Wednesday, November 18, 2009

Rulebase Benchmarks 2009 Part 3


Once again we return to the world of Rulebase Benchmarks. Benchmarks for rulebased systems seem to have three camps: Those who love them and usually have good numbers to report. Those whose benchmarks are not remarkable one way or the other and are not worried about them; yet. Those who benchmarks are not very good and keep telling their users and/or customers, "Yes. That's OK for academics. But those benchmarks don't represent the 'real world' in which we have to live and work every day."

At October Rules Fest 2009 I asked the T3 (Thursday Think Tank) if they thought benchmarks were important. Dr. Forgy (who has the fastest rulebase engine on the planet Earth - called TECH) and myself (who has spent the past decade exploring benchmarks, their cause and effect) were ardently in favor of such things. FICO (Blaze Advisor) folks were kind of OK with the idea, especially since they use Dr. Forgy's engine in their rulebase. The rest of the group, whose performance was anywhere from just barely OK to abysmal, were not really against using benchmarks but it just wasn't something that they wanted to discuss in public.

So, here's my proposal: If anyone can produce a "real world" benchmark that can be run on any rulebase engine on any platform, PLEASE DO SO!! Otherwise, those of us who are in this for the long haul will continue to examine a rulebase from many different viewpoints but we shall NOT throw out tried and true tests that continually disclose fatal faults in fancy products that will not perform with large data sets combined with large rule sets. Such applications are large banks, large insurance companies, Homeland Security along with "real world" AI problems in rulebased forecasting, petro-chemical processing problems, electrical power grid production problems, shift scheduling for large plants and/or hospitals and anywhere else that will have the many objects - many patterns complex cross products.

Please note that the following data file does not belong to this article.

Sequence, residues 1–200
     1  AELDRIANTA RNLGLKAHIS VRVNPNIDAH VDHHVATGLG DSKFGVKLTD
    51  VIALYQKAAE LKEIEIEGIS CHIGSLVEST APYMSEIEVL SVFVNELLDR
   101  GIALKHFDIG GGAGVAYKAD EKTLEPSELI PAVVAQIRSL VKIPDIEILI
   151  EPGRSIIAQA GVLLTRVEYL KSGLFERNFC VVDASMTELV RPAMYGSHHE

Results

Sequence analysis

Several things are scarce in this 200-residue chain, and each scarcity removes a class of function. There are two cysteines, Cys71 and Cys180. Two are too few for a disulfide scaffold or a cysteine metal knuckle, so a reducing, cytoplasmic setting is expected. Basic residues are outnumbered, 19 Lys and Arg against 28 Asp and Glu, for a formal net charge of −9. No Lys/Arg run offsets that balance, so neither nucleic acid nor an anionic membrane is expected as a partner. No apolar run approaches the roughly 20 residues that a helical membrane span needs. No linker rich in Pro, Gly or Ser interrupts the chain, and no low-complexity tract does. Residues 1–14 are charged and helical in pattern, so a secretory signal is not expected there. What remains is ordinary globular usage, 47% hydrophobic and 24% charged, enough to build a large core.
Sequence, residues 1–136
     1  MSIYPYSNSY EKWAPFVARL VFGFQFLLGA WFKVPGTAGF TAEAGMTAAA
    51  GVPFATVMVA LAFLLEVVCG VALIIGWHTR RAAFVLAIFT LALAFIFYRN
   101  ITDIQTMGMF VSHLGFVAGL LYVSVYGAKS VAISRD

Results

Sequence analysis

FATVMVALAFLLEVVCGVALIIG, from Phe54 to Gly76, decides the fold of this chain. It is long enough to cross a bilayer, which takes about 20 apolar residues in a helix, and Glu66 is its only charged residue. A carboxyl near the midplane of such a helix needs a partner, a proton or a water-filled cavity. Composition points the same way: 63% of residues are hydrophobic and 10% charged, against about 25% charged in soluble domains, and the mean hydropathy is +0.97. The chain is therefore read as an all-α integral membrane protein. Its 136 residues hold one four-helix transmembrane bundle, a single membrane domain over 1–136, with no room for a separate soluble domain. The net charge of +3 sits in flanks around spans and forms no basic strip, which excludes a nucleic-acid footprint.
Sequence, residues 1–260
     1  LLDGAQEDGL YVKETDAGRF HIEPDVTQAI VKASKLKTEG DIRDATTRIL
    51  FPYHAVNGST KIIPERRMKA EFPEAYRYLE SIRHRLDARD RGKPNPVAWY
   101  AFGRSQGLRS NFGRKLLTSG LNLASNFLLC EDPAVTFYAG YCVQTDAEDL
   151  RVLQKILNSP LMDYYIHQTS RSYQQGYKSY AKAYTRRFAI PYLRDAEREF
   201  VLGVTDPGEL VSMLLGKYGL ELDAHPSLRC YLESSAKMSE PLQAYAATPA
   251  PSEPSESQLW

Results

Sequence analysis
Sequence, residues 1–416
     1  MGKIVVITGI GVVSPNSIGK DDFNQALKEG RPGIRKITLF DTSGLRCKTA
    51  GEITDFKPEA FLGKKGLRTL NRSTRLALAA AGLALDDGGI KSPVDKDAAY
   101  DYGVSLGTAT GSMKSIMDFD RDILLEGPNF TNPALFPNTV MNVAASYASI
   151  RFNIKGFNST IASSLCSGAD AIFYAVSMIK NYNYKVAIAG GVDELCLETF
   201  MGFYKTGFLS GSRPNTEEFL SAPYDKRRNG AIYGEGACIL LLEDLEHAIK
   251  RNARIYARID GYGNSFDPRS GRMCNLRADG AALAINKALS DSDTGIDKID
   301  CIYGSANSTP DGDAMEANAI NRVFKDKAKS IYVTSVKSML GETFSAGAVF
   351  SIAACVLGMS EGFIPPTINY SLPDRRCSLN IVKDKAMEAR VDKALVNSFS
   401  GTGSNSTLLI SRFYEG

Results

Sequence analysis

Speaking of which, I guess it's about time to publish the 2009 Benchmarks. Our goal is to finish up in December some time so that at least we can say that we finished this year with a completed product. :-)



woolfel said...

As a user, I favor full and open disclosure. For me, a truthful and open message is much better than a marketing hype message. The minute I see marketing message filled with fluff, I can't take it serious.

Paul Vincent said...

Hi James - its an interesting quest, but I fear of limited interest. Why? Apart from the reasons you mention,
1. performance is often "good enough" in the "decision services" most commercial tools deploy as.
2. most commercial BREs are deployed executing simple non-inferencing if-then decision rules - for a benchmark here you should probably team up with Prof Jan Vanthienen and cover decision tables...
3. for complex problems exploiting rule engines ("inference programming"?), there are just too few use cases today to warrant interest in benchmarks.


PS: TIBCO include a copy of Miss Manners in the rule engine download, but the example doesn't (yet) exploit MultiThreadedRete.

Geoffrey De Smet said...

What happened to the Manners 2009 benchmark? Are there any other contestants than my Drools Solver implementation?

James Owen said...

At the October Rules Fest the year (ORF 2009) there were only two votes to continue benchmarks; myself and Dr. Forgy. The reason for this is that the customers who NEED performance were not at ORF 2009 and the few vendors who WERE there (excluding FICO who use the Rete III Algorithm from Dr. Forgy) are not interested BECAUSE they can not compete with either Rete 2 / III nor with TECH.

"Good enough" is probably OK for smaller (less than 1,000 rules and less than 1,000 objects with few cross-match products and very little chaining between rules) but for large systems needed for Homeland Security, large networks, huge insurance companies needing complex underwriting, etc., performance is woefully lacking in what they are doing.

For example, HLS uses a Prolog system with less than 1,000 rules for special occasions only. Most of their rules are run in COBOL on a mainframe and they are EXTREMELY simple rules. I can't go into detail but take my word for it that they are not doing much with rulebased systems because they don't know about then nor how to use them.


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